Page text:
It’s become pretty commonplace to authenticate and authorize web clients using JWTs (JSON Web Tokens) via HTTP request headers; it’s also become fairly popular to leverage some form of state management in web clients with a flavor of Redux. In this post I’ve created a simple web client with Angular CLI and NGRX that demonstrates how to retrieve a saved JWT from a NGRX store and apply it to all API requests using an HTTP interceptor.

If you want to skip the quick explanation and just start playing with the app, head on over to the GitHub repo for the application.

Series Table of Contents

  1. Add JWT Token to Angular HTTP Requests Using NGRX

  2. Angular 7 Login and Registration with JWT Node Authentication

  3. Angular 7 Authenticated Route Guard


This post assumes familiarity with Angular and Angular CLI, TypeScript, JWTs, RxJS, NGRX (or possibly Redux), Smart Container and Dumb / Presentation Component and json-server.

At the time of writing this my system leveraged the following versions:

  • Node.js: 10.14.2

  • NPM: 6.4.1

  • Angular: 7.0.3

  • Angular CLI: 7.0.5

  • OS: MacOS High Sierra v10.13.6

The rest of the versions can easily be looked up in the package.json.

Full disclosure: Code is not production grade, it is meant for the explanation purpose only.

We’ll keep this example focussed on the client and assume there’s an authentication API that’s already provided the web client a JWT. To that end, we’ll generate a JWT and simply hardcode the value in our NGX store instead of actually hitting a login API that returns a valid token. The following JWT was generated using the jwt.io Debugger:


If you open up the auth.reducer.ts you’ll see this token hard-coded in the initial state.

Quick Start

Let’s clone the repo and fire up the app so we can see it in action. Open up a terminal and enter the following commands:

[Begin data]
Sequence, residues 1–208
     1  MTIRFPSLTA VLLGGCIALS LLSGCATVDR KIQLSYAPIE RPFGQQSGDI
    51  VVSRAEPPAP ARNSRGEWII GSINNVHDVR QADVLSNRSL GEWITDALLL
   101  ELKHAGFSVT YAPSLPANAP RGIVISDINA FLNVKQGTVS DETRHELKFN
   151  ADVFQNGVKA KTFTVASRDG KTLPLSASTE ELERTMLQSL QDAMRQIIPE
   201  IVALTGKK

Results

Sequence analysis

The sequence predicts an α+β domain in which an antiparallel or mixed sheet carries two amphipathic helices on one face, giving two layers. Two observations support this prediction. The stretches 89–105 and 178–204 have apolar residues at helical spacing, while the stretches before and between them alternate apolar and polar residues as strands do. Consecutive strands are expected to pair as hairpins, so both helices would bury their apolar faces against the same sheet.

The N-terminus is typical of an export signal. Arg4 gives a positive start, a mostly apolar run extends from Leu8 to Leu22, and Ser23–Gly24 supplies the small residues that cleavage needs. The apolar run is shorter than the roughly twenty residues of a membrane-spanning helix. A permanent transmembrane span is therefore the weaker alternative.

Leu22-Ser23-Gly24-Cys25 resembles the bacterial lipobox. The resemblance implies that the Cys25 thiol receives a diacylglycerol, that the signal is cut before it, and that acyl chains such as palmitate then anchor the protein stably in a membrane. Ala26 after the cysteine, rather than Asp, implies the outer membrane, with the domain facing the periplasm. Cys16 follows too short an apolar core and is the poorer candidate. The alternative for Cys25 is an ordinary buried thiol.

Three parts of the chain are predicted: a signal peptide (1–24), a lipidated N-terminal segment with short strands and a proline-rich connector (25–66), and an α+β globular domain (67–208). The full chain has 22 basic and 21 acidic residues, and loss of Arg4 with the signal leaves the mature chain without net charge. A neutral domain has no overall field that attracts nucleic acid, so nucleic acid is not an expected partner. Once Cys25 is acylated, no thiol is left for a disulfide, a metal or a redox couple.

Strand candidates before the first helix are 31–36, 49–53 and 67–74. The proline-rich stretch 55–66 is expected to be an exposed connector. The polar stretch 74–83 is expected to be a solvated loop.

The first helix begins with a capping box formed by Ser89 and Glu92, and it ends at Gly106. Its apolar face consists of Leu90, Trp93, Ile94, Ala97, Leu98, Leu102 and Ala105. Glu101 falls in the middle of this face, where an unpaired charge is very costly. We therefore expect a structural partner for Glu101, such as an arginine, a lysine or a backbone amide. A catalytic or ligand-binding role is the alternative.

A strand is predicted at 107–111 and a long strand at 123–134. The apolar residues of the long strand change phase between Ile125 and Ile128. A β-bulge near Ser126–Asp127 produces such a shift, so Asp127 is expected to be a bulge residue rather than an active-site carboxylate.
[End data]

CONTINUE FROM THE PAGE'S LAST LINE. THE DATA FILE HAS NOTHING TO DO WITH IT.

wasi$ git clone https://github.com/webappsolution/angular-add-auth-token-ngrx.git
wasi$ git checkout feature/step-0-base-project
wasi$ npm i
wasi$ npm run dev

The last command will concurrently start both the server and client — the server uses json-server to quickly scaffold an in-memory JSON database, while the client is the Angular app running via Angular CLI. Your terminal or CLI client should resemble the following:


Next navigate to http://localhost:4300/ to see the application in action. It should display a simple list of beers:


Proof is in the Pudding

Now that we have the app up and running, let’s talk about what’s going on and finally demonstrate adding the token to each API request.

As stated in the assumptions, the app doesn’t have a login screen and we’ll just assume the user has logged in successfully and the API has returned a valid JWT that we’ve stored in our NGRX store. We’ll also assume that the endpoint to load beers is secure and requires a valid JWT, so we’ll need to add the JWT to the API request. Open up Chrome DevTools and using the Network tab you should see a request to the beers endpoint with the token added to the header like below.


So how do we add the NGRX store token to the header on each API request without individually adding it to each service request?

HTTP Interceptors

Angular provides developers a means to intercept both HTTP requests and responses via HttpInterceptors. There are 2 keys to using interceptors:

  1. Interceptors must implement the interface HttpInterceptor by providing a concrete implementation of the method: public intercept(request: HttpRequest<any>, next: HttpHandler): Observable<HttpEvent<any>>

  2. Custom interceptors need to be added to your application as providers using the base interceptor token HTTP_INTERCEPTORS.

Let’s get to the heart of it and look at the AddTokenHeaderHttpRequestInterceptor.

import { HttpEvent, HttpHandler, HttpInterceptor, HttpRequest } from "@angular/common/http";
import { Injectable } from "@angular/core";
import { select, Store } from "@ngrx/store";